“For casual and fine dining, integrating more intimate dining zones will provide both the physical distancing that is now considered safe practice, and the visual distancing for patrons to feel more at ease and secluded,” Lesley Hughes-Wyman, co-founder and principal of MatchLine Design Group, told Restaurant Dive

Photo source: Fortune

Photo source: Restaurant Dive

For the restaurants that will allow it, you can go a bit – or a lot – more creative with your smaller, cozier, booth-like dining spaces. There are bubbles set up on the outdoor spaces that allow your diners some privacy and distance while eating without sacrificing the view of the outside.

Check out the design created by the Eten restaurant in Amsterdam. They erected mini greenhouses in their restaurant’s backyard so their customers can dine outdoors, socially-distanced, and protected from the weather, while enjoying the view right beside the canal. 

Mediamatic Foundation’s Eten restaurant in Amsterdam and their mini greenhouses to keep guests safe and distanced from other diners and visitors. Photo source: Architectural Digest

Contactless services with digital innovations

When COVID hit, restaurants had to scramble to get on varying digital platforms and services. Almost two years in and customers continue to rely on online ordering, delivery and other services; this need will not go away.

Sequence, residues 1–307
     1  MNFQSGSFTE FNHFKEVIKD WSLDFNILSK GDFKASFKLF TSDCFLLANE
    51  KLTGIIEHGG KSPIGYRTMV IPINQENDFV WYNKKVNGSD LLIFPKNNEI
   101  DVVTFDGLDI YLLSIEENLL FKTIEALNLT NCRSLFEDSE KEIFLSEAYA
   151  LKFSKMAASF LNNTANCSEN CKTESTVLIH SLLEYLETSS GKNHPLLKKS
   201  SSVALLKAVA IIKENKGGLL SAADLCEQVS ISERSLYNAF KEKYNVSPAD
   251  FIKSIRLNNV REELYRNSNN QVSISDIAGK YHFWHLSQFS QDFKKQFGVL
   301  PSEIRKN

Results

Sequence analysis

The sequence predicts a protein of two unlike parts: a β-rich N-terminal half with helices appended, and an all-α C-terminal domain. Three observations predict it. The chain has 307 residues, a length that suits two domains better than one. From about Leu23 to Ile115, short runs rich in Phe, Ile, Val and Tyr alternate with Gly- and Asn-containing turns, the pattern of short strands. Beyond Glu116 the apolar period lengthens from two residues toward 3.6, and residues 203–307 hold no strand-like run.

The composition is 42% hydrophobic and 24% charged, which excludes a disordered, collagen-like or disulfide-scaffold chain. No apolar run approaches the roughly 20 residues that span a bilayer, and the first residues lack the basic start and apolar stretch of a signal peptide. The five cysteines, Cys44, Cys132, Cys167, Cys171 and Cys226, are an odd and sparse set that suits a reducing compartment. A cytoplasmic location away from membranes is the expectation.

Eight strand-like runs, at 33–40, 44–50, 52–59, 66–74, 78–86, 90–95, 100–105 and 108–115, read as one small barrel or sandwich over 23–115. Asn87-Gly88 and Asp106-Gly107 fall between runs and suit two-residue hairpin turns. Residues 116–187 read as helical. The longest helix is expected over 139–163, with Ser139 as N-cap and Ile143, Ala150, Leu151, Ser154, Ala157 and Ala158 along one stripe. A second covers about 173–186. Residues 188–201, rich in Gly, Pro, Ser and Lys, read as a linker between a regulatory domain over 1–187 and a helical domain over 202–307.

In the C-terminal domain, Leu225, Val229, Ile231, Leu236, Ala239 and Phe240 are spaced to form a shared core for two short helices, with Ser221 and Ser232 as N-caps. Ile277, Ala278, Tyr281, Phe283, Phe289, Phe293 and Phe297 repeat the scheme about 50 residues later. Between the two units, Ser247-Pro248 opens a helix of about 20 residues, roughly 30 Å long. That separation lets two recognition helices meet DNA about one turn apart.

Right now, as restaurants slowly allow dine-in guests; eating indoors will require a lot of technological ‘presence’ to cater to new regulations and changing needs. Bottomline is, contact is best kept at a minimum, preferably, contactless.

Contactless technology in restaurants means digital menus, QR codes, mobile payment systems and the best one, robots. For any restaurant who’s implemented these systems and processes, there’s been at least six months or so of practice and trial and error. Simultaneously, customers are getting better adept at it. Therefore, they expect it to be as seamless an experience as possible.

“We are making many creative changes at all of our locations in Tulum, Miami, and NYC. There will be electronic waiting lists with QR codes, and QR codes at every table to allow diners to order and pay for food and cocktails by smartphone,” James Gardner, founder and owner of Grupo Gitano, told Food and Wine